There have been and will be several changes within the disability insurance industry in 2008. Some of these changes include price increases, price decreases, benefit increases, new policy features and expansion of disability definitions. This month we analyze and offer insight on how these changes from three insurance companies (Guardian, MetLife and Standard) may affect your clients.
Guardian’s disability contract has a reputation within the industry of being the “Cadillac” of disability insurance policies. This is because the policy automatically offers an own occupation definition of disability, long-term recovery benefits and the lowest loss of income requirement for residual claims. Guardian was one of the pioneering insurers that offered a lifetime benefit period. Several years ago, Guardian introduced their retirement contribution protection disability policy designed to replace retirement contributions in the event one was disabled. Guardian targets policy features and pricing toward capturing the business of high income earning executives, attorneys, physicians and dentists.
Guardian is revising their disability contract and pricing in the summer of 2008. The new policy reduces the residual disability rider benefits. The policy will no longer pay a residual claim if the loss of income is $500 or 20%, whichever is less. The policy will now pay residual benefits for an income loss of at least 15%. This change puts Guardian’s policy in line with other insurers residual disability benefits, however maintains a competitive edge.
Guardian has added several new and exciting riders and options that allow for lower premiums. The most notable new features are the 4-year delayed cost of living adjustment, 10-year benefit period and step-rate premium structure. These options allow agents to tailor policies to the exact specifications of each client.
There are also substantial pricing changes. Guardian has drastically lowered premiums for women and young professionals. The average reduction in nearly 20% for these people. The new policy pricing has many professional women reviewing their current coverage. The popular Retirement Protection Policy’s premiums are also lowering slightly. The new policy does increase premiums on the lifetime benefit period. The company is pricing this option at a higher level that may no longer be competitive to other insurers lifetime benefit periods. Existing policyholders with future purchase options will still be able to add to their benefit rich lifetime policy, but they must act fast for the current rates.
As the economy changes, insurers may react by tightening their risk pool. A lifetime benefit period is an unlimited risk to an insurance company. Therefore, if an insurance company increases pricing on this option they are more apt to discontinue adding to their unlimited risk pool. Guardian is shifting marketing efforts from the lifetime benefit period to the retirement protection disability insurance policy. This makes sense because this insurance policy has a limited benefit period, therefore a limited risk. We must understand that the replacement of a lifetime benefit period with a retirement protection policy does not allow maximum coverage. One can purchase a lifetime benefit period and retirement contribution protection to achieve the true maximum level of insurance. This will be a less competitive option in the future with Guardian. However, Guardian’s new policy is still a very strong disability contract with many superior features.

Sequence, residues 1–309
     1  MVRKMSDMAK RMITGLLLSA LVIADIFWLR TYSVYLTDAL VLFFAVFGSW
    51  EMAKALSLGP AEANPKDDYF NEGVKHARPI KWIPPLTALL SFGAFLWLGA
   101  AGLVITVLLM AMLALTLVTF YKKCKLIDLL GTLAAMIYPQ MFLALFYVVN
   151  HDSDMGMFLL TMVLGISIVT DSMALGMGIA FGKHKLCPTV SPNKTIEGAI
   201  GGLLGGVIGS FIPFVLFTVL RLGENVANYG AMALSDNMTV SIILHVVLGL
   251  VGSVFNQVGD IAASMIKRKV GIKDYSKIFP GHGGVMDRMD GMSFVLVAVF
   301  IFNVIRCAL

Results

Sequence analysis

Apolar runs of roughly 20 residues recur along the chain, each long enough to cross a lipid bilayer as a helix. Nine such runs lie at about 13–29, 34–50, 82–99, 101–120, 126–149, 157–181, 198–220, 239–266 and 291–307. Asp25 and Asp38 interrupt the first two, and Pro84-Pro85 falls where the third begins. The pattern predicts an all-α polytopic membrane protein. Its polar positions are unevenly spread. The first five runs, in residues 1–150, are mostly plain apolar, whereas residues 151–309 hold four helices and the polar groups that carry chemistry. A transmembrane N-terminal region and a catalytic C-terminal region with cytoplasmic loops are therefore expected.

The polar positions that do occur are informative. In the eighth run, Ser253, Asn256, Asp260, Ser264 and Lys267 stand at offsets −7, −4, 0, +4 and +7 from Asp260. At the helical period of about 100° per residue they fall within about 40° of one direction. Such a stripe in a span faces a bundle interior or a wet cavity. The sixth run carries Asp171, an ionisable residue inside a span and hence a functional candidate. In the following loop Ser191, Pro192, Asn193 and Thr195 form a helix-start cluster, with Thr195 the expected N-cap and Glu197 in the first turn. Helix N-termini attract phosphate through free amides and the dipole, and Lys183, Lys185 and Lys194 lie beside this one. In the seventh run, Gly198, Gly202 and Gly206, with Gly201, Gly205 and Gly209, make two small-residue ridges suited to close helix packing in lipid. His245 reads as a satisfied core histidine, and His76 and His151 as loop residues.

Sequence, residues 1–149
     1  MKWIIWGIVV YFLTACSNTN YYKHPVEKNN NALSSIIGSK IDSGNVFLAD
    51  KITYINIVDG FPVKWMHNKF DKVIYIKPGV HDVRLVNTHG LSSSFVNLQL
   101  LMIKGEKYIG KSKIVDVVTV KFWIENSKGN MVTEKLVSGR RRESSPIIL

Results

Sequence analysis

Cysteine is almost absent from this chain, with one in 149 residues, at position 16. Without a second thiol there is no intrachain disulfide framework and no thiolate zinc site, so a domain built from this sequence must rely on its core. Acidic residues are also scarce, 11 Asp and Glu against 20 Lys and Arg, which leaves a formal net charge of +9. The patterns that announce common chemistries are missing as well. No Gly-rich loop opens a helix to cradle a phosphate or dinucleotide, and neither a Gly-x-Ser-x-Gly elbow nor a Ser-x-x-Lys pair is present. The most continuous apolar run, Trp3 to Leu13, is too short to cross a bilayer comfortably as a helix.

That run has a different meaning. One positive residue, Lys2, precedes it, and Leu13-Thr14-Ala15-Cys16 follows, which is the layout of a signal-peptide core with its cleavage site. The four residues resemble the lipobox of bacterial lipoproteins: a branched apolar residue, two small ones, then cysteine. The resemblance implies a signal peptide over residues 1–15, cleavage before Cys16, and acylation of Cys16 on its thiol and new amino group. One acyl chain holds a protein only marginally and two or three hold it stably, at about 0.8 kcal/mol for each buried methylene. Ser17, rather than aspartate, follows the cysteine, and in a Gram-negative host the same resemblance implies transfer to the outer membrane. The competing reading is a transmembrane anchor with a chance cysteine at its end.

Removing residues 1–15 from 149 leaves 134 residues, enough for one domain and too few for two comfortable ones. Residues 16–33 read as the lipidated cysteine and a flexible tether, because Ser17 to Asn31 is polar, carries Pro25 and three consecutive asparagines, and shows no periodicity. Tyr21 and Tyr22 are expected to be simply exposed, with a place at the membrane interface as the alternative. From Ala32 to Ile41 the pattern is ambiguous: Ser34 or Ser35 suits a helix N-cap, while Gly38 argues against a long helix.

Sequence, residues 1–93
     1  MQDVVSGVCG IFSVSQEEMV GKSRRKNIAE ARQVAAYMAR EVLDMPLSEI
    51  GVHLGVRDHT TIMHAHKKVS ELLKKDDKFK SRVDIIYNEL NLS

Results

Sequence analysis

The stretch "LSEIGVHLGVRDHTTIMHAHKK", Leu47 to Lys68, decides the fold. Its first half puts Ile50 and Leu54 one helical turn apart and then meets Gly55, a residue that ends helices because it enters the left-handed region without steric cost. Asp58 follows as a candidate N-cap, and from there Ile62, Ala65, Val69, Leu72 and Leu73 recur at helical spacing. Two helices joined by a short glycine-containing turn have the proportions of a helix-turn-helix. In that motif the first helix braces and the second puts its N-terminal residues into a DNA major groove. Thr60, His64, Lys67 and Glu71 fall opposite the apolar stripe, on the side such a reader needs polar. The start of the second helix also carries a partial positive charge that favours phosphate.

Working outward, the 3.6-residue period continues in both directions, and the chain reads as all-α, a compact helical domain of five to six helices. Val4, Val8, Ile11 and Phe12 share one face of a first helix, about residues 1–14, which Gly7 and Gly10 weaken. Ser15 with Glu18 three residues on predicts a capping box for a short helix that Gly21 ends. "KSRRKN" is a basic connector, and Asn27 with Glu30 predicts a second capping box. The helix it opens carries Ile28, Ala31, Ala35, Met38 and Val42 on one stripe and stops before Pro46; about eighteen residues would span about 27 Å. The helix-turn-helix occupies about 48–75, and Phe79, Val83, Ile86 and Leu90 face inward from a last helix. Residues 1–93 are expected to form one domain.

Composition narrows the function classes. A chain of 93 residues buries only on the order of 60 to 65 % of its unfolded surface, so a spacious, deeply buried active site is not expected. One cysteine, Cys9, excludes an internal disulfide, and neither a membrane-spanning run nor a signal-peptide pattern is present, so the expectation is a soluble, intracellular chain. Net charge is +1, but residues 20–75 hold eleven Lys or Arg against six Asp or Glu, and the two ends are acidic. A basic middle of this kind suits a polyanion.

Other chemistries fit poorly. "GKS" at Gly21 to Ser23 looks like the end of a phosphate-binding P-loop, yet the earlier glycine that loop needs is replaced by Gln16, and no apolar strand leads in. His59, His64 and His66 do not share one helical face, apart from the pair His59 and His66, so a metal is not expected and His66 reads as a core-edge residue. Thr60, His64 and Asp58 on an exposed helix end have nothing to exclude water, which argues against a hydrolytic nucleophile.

In 2008, MetLife introduced a new occupation class “6S”, which aims to be more competitive for attorneys, CPA’s, executives (regardless of travel) and pharmacists. This occupation class lowers premiums by nearly 10% and is now available in 34 states. In addition, MetLife has broadened the availability of its own occupation coverage to dentists and physicians, added a catastrophic benefit rider for non-working spouses and increased issue limits for business overhead coverage.
Standard recently announced increased issue and participation limits on their disability insurance product. Depending on the occupation, Standard will now issue up to $15,000 per month in individual disability insurance coverage. Standard will now participate with other individual disability insurance carriers up to $20,000 per month and up to $25,000 per month with existing group insurance. Standard continues to offer own occupation coverage, benefits to age 66 or age 67 (depending on the state), cost-of-living adjustments, and multiple policy renewal options. Recently, Standard began offering flexible policy dating to benefit insureds.
The present economy is driving changes within the disability insurance market. The only way to know how the current disability insurance climate may or may not benefit your clients is through a disability insurance review. A review of current policies and income will identify strengths and potential weaknesses in existing disability insurance, as well as afford the opportunity for premium savings based on recent pricing changes. Sample disability comparisons are available on our website in the financial advisor section.
Please call us at 800-942-4181 today to discuss you or your clients’ specific situation.